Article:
Time to Celebrate and Time to Enter for a Chance to Win

Help me celebrate and enter to win!

Today is the one-year anniversary of the release of my book, ALWAYS LOOK FOR THE MAGIC. I know! How time flies.

In case you are new to me, this is my first book and is about an 11-year-old boy and his brother growing up during the Great Depression in Baltimore. Artie wants to be a magician, and the path he is on gives you lots to smile and laugh about while you wait to see if his dream will come true.

I have had a blast promoting my book this past year. I have done book signings, a You Tube promotion, and visited a classroom of middle-schoolers to discuss the book and encourage future writers. This I did with my 90-year-old mom, who is one of the characters, and that made it truly memorable. The kids loved her and pelted her with questions.

Writing about someone you know and love keeps you connected with them in a very unique way. This book is based on my dad’s life and was born out of my trying to remember all the stories he told about those days in the 1930s.

Initially, I thought ALWAYS LOOK FOR THE MAGIC would be for 9 to 13-year-olds, but its appeal reached their parents as well. This really blessed me as I love a book that crosses generations.

What I didn’t expect was the response I have received from folks in their 80s and 90s. I have received messages, letters, and even phone calls from people who have enjoyed a trip down memory lane to a time when things were simpler but life was hard. There you have it. My book has appeal for people from 9 to 99. I am honored.

In celebration of the one-year anniversary, I’d like to give away a copy of ALWAYS LOOK FOR THE MAGIC. If you already have one, maybe you could give it as a gift. Here’s how to enter:

You will receive one entry for each of the following:

  1. Comment below
  2. Share on social media. Be sure to let me know that you’re sharing in the comments here so you get credit. Mention Facebook, Twitter, or wherever you share. One entry per share, so double up.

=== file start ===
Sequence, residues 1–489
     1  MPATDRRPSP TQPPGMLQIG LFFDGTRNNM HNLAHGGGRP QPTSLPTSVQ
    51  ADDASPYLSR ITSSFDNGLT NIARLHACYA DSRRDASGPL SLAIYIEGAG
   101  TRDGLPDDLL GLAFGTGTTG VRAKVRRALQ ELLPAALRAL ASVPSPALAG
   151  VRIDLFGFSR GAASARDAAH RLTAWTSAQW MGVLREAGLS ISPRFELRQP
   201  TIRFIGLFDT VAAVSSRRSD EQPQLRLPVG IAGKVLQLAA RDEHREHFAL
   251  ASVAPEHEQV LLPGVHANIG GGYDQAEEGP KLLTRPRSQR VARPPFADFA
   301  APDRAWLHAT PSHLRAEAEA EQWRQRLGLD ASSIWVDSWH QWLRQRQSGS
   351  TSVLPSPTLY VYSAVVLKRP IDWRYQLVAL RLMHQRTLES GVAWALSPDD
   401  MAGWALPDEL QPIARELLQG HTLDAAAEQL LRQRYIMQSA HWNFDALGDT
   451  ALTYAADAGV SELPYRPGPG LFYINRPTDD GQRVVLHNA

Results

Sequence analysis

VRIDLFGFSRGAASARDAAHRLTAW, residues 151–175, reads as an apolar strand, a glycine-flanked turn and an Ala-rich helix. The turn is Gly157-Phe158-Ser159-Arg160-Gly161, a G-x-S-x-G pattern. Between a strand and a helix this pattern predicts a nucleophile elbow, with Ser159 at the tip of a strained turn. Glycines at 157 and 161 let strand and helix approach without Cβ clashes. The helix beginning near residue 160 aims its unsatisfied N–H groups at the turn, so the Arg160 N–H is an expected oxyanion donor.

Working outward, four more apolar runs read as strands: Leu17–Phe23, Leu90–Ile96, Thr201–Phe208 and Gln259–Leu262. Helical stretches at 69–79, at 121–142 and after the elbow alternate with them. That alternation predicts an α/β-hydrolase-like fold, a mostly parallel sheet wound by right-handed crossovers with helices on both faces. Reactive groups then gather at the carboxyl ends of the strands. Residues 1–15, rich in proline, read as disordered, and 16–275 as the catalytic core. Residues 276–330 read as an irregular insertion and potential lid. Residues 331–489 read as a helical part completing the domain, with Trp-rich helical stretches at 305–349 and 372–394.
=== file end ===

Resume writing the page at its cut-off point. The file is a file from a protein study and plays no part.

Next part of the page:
3. Follow my blog. I know many of you already do, but let’s give new readers an extra chance to win by clicking on the right column (under my picture with the monkey on my back) where it says to sign up.

That’s it! I’ll announce the winner in my post next week. As always, thank you for reading and thank you for sharing.

The Polar Vortex – What To Do While You’re Stuck Inside

I’m in Florida, so the cold weather we are experiencing pales in comparison to what our friends up north are going through. I am thinking of you all though, so today I’m offering six things to do while you’re stuck inside during the Polar Vortex:

  1. Look up the meaning of vortex.
  2. Play a drinking game. Whenever someone says “polar vortex” they have to take a shot of hot chocolate.
  3. Read. Something by Robert Frost would be appropriate.
  4. Watch movies, maybe something with a tropical theme or even The Polar Express might feel warmer than your current circumstances.
  5. Text Ashton Kutcher.

I caught this on the news this morning.

 

Ashton, you’re killing me. You want us to be real with each other. You want connections. But your last line tells it all: You want to share your latest and greatest with us. Sounds a little one-way, if you ask me.

Anyway, Ashton, thanks for the chuckle. After I started writing this, I contemplated texting you, but I was afraid you’d text me back. So, I checked with Google and it looks like you have taken your number down or changed it or something equally non-communicative as far as your community goes. Silly boy.

FINALLY: